The reported prevalence and incidence rates vary considerably, depending on the applied diagnostic criteria (Brüne & Bräunig, 1997; Sachdev, 1995; Van Putten, May, & Marder, 1984).

g-Induced Akathisia Description

Onset within 6 weeks of initiation of treatment, dose increment, or change of drug type; concurrent medication not decreased or discontinued Symptoms persist for over 3 months; specify acute, tardive, or withdrawal onset

Onset at least 3 months after initiation of treatment, dose increment, or change of drug type; no dose increment or change of drug within 6 weeks prior to onset; concurrent medication not decreased or discontinued Withdrawal akathisia Onset within 6 weeks of discontinuation or marked reduction of dose; prior to onset, duration of treatment at least 3 months; concurrent medication not decreased or discontinued Pseudoakathisia Typical objective symptoms without subjective distress

Source: Modified from Sachdev (1994).

The pathophysiology of akathisia is far from being fully understood. Akathisia may best be viewed as resulting from the interaction of dopaminergic neurones with noradren-ergic, serotonergic, cholinergic, GABAergic, glutamatergic, and opioid systems in mesolimbic and mesocortical pathways (Sachdev, 1995).

Early diagnosis is critical due not only to the possible complications associated with akathisia but also to the impending dilemma of insufficient or delayed treatment response. Thus, preventive measures, such as choosing the lowest effective dose and employing the stepwise increment of dose, are indispensable (Sachdev, 1995). Moreover, routine clinical checks for extrapyramidal side effects and behavioral observation (e.g., during occupational therapy or other group therapies) are recommended (Brüne & Bräunig, 1997).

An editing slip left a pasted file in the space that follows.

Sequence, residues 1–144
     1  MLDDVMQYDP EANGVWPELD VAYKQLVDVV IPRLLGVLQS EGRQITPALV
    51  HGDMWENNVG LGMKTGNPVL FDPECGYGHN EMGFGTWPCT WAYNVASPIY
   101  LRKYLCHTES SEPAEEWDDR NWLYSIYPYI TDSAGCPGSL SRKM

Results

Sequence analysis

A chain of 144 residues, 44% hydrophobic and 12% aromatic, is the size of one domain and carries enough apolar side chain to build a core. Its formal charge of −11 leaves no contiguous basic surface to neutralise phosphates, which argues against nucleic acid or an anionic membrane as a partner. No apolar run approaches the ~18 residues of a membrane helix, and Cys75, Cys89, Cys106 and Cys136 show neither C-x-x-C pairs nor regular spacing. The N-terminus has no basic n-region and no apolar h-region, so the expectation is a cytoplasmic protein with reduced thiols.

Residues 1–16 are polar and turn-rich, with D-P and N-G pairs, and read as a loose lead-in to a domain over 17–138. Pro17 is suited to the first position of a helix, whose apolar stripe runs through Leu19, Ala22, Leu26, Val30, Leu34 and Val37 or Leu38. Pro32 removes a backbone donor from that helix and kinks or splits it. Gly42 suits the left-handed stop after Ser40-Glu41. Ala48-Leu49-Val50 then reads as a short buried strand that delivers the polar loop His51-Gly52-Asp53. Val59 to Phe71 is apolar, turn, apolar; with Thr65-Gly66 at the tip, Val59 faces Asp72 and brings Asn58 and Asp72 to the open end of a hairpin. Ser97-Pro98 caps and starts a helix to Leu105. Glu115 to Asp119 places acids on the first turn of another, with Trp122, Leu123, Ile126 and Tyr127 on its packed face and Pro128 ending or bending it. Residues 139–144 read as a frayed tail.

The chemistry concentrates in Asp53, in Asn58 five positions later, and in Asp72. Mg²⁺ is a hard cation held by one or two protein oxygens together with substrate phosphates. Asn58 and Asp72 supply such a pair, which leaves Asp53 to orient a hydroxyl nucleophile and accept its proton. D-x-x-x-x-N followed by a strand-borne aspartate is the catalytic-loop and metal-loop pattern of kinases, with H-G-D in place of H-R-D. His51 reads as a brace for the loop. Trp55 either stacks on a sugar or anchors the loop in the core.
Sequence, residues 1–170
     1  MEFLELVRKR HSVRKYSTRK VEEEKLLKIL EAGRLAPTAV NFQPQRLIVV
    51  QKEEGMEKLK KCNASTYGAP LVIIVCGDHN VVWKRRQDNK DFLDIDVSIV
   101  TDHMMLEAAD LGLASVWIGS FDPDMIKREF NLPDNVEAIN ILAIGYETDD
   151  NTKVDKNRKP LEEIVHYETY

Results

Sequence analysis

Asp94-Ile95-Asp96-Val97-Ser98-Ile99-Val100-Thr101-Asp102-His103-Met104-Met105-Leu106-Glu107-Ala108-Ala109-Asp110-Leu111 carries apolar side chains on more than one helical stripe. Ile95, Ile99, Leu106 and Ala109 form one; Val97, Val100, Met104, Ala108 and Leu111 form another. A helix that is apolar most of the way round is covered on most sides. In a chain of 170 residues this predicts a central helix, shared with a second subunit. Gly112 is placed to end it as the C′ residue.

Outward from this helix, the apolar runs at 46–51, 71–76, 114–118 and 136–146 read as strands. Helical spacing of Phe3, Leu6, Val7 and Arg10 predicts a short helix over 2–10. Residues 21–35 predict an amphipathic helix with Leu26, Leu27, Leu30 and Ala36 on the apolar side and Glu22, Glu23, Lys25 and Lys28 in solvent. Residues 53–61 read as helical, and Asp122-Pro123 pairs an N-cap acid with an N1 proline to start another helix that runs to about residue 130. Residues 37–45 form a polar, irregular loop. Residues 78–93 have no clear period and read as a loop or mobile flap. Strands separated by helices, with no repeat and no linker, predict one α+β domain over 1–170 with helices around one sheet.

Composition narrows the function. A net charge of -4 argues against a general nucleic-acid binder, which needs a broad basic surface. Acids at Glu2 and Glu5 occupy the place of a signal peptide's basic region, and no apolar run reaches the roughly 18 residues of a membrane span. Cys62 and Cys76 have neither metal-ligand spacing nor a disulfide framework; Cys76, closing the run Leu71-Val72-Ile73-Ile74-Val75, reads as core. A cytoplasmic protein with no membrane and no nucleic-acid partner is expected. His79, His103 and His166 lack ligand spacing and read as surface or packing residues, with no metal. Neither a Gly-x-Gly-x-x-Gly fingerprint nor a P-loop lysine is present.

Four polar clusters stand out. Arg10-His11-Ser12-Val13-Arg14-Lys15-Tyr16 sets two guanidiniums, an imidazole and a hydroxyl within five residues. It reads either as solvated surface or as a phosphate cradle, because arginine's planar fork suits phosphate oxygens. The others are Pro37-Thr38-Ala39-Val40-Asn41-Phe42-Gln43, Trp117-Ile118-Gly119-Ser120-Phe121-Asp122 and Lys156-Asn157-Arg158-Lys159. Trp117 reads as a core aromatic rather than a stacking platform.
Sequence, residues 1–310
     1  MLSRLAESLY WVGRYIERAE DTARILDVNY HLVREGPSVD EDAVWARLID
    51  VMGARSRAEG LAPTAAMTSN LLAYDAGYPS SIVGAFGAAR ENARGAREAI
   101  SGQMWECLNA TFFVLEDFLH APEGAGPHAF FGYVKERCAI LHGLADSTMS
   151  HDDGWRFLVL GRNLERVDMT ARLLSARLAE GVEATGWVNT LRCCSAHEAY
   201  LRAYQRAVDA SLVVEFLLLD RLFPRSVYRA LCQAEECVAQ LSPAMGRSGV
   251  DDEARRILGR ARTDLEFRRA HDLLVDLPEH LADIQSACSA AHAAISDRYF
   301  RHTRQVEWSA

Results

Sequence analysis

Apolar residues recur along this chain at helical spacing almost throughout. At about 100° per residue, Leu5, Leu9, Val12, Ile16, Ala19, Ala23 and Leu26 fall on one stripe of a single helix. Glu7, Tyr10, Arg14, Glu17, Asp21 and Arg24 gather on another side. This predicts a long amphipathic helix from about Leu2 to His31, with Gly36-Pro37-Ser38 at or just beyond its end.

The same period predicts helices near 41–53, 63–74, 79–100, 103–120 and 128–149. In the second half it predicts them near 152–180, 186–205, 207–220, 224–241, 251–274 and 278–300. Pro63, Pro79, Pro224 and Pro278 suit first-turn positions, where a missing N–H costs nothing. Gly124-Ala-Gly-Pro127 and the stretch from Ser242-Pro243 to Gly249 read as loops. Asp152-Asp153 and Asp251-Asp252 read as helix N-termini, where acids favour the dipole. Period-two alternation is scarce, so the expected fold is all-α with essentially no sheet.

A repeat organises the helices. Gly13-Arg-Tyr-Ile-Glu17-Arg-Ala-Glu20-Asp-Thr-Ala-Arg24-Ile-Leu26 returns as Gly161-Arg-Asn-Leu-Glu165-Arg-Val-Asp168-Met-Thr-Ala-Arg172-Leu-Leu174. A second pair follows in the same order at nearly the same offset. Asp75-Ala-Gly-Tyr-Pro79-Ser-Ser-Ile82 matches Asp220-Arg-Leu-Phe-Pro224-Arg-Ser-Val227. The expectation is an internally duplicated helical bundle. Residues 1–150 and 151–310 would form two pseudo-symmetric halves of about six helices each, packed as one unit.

If akathisia is present, stopping the offending drug or at least reducing the dose is considered to be the best option (Sachdev, 1995). However, in highly agitated patients, waiting for a spontaneous wearing-off may be impracticable. Anticholinergic drugs, receptor antagonists, and benzodiazepines are effective for acute treatment, yet response rates are variable. If onset of akathisia is less acute, a change of antipsychotic class or administration of modern agents is proposed. Treating chronic or tardive akathisia is probably less effective (Brüne & Bräunig, 1997; Sachdev, 1995).


Barnes, T. R. E., & Braude, W. M. (1985). Akathisia variants and tardive dyskinesia. Archives of General Psychiatry, 42, 874878.

Brüne, M., & Bräunig, P. (1997). Akathisie [Akathisia]. Fortschritte der Neurologie und Psychiatrie, 65, 396-406.

Haskovec, L. (1901). L'Akathisie [Akathisia]. Revue Neurologique, 9, 1107-1109.

Sachdev, P. (1994). Research diagnostic criteria for drug-induced akathisia: Conceptualization, rationale and proposal. Psycho-pharmacology, 114, 181-186.

Sachdev, P. (1995). Akathisia and restless legs. New York: Cambridge University Press.

Sachdev, P., & Kruk, J. (1994). Clinical characteristics and predisposing factors in acute drug-induced akathisia. Archives of General Psychiatry, 51, 963-974.

Van Putten, T. (1975). The many faces of akathisia. Comprehensive Psychiatry, 16, 43-47.

Van Putten, T., May, P. R. A., & Marder, S. R. (1984). Akathisia with haloperidol and thiothixene. Archives of General Psychiatry, 41, 1036-1039.

Weiden, P. J., Mann, J., Haas, G., Mattson, M., & Frances, A. (1987). Clinical nonrecognition of neuroleptic-induced movement disorders: A cautionary study. American Journal of Psychiatry, 144, 1148-1153.

Martin Brüne

Centre for Psychiatry and Psychotherapy, University of Bochum, Germany